Consider what would happen if you wanted to process several files using cat. For instance, if you wanted to find the word foo at the start of the line across 3 files:
<code class="language-bash">cat file1 file2 file3 | grep -e '^foo'</code>
newlineterminator  unix  textfiles  textprocessing  explained 
july 2019 by kme
stdout - How to make output of any shell command unbuffered? - Stack Overflow


Try stdbuf, included in GNU coreutils and thus virtually any Linux distro. This sets the buffer length for input, output and error to zero:
<code class="language-bash">stdbuf -i0 -o0 -e0 command</code>


This totally works for something like this:
<code class="language-bash">stdbuf -i0 -o0 -e0 find . -name 'core*' -printf '%f\t%s\n' | head</code>
bash  shellscripting  pipes  unix  buffering  solution 
july 2019 by kme
windows - How to fix PuTTY showing garbled characters? - Server Fault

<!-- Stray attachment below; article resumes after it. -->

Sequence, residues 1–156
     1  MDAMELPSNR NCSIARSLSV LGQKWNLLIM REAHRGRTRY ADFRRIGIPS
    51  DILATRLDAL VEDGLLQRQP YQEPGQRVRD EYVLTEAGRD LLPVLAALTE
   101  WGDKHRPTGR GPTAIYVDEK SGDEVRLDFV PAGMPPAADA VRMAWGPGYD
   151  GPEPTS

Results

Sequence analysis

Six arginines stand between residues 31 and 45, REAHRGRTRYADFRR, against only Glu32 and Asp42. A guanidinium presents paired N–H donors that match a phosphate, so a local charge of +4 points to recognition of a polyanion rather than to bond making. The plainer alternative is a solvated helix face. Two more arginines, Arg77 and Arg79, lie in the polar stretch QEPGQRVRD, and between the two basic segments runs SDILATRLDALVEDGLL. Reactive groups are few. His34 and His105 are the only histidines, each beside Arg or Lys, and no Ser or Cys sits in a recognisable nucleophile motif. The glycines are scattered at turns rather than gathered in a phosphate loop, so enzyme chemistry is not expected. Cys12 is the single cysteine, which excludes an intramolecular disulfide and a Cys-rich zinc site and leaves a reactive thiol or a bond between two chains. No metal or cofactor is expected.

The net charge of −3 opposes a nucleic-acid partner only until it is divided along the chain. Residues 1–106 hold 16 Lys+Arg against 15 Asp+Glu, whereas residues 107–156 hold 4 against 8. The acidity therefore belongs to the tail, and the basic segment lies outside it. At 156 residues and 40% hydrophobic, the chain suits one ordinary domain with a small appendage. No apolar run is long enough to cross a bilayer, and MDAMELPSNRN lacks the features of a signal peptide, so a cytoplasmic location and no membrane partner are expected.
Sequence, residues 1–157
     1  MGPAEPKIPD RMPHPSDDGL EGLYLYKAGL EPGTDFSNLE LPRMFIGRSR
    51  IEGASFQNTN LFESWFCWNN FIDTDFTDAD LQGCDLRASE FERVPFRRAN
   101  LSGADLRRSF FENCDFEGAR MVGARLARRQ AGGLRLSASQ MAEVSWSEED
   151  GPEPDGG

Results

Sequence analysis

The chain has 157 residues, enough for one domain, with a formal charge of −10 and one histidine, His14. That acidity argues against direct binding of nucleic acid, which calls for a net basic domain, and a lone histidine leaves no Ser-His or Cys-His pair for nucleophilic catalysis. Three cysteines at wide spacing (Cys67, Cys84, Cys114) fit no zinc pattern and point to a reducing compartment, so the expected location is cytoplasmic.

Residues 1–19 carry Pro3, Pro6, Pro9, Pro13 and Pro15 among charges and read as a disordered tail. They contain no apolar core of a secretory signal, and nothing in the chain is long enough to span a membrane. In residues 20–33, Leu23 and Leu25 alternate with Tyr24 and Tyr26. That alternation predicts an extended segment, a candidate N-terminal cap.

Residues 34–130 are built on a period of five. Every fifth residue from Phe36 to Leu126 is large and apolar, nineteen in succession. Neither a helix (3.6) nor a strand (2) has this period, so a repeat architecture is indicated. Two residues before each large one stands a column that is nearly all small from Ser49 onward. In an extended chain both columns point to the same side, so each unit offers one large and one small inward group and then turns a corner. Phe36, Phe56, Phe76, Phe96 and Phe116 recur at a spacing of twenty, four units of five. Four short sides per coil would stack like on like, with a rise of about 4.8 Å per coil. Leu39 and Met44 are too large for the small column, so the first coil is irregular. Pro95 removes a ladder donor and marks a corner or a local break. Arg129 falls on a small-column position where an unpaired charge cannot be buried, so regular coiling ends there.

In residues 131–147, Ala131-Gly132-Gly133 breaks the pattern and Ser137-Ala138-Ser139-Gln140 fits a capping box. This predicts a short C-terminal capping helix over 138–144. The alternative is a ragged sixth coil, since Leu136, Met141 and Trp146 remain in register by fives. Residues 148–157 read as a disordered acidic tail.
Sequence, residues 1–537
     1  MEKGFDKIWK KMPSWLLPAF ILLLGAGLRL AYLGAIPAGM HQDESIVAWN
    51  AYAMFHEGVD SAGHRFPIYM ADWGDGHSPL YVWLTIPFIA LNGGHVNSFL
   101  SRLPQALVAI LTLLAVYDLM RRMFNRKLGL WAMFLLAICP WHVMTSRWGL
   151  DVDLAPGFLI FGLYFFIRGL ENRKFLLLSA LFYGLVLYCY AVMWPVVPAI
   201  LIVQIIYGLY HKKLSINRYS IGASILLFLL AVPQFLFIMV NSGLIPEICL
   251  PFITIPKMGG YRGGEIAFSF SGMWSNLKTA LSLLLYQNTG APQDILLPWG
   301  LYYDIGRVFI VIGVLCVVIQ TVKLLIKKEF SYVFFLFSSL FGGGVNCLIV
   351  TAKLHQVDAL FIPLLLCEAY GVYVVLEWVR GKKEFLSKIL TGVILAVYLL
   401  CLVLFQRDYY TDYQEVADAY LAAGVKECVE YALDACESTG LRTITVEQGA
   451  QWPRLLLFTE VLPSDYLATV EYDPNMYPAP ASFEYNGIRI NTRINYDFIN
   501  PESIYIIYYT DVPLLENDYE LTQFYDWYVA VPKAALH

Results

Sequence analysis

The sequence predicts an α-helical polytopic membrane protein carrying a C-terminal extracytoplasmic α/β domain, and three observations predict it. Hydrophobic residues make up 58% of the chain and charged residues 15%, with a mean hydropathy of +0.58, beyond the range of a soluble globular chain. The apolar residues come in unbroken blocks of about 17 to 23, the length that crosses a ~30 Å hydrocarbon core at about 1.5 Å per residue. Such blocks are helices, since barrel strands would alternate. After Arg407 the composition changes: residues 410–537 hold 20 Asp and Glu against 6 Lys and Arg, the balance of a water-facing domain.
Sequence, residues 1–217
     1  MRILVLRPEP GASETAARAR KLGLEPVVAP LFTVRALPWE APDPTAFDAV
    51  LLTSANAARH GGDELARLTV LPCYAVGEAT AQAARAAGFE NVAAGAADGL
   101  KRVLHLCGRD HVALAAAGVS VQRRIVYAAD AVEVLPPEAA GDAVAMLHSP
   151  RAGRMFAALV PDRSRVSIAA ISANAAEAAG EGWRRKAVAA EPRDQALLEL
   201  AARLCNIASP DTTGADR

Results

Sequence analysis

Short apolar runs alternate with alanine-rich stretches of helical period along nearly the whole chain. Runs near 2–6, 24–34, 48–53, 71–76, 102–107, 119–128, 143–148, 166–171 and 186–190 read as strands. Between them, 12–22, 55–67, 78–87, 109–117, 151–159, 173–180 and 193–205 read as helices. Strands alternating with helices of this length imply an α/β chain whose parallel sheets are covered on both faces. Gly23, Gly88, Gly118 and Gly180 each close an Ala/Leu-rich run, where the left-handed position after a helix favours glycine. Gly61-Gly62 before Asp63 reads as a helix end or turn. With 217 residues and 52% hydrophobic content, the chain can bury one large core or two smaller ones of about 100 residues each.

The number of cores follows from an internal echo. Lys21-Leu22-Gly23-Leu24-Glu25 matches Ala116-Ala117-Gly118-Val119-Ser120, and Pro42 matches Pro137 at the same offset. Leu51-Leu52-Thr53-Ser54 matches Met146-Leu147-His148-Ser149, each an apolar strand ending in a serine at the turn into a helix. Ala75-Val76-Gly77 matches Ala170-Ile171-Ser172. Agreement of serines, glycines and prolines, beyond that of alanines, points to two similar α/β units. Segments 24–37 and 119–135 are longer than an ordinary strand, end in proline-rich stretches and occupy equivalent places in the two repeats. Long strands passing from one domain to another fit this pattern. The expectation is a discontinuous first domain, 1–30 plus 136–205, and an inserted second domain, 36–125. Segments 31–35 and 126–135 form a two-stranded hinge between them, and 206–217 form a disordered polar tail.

The analogous fix on CentOS (7) is to use 'localectl', maybe, except that requires DBus to be running, which it isn't for a fresh-out-of-the-box Docker container. ¯\_(ツ)_/¯
If the locale returns something like POSIX, issue
<code class="language-bash">update-locale LANG=en_US.utf8</code>
at the command line - see thomas-krenn.com/de/wiki/Locales_unter_Ubuntu_konfigurieren – koppor Dec 19 '15 at 11:05
docker  utf8  characterencoding  locale  mojibake  terminal  unix  shell  ubuntu  solution  centos  sortof 
june 2019 by kme
umask - cmdline Unix Permissions bits calculator - Unix & Linux Stack Exchange
Useful for this tidbit alone:
<code class="language-bash">printf '%o\n' "$((value ^ 511))"</code>
unix  sysadmin  permissions  permissionbits  posixbits  bashscripting  calculator 
june 2019 by kme
Abundant Scripting Is Good | UNIX Scripting Tips and Ideas - Kimball Hawkins
I doubt there is any System Administrator out there who doesn't realize that scripting is good, but I've found there are few who actually use scripting as I feel it should be used -- as a way to programatically improve, simplify and automate many of the complex and tedious tasks of system monitoring and maintenance.…

My first rule is, if I have to do any task more than once, I’ll script it. This applies especially if errors in the command can have serious consequences.

My second rule is, if I’m going to script it, I’m going to make it robust enough to be useful in all applicable situations.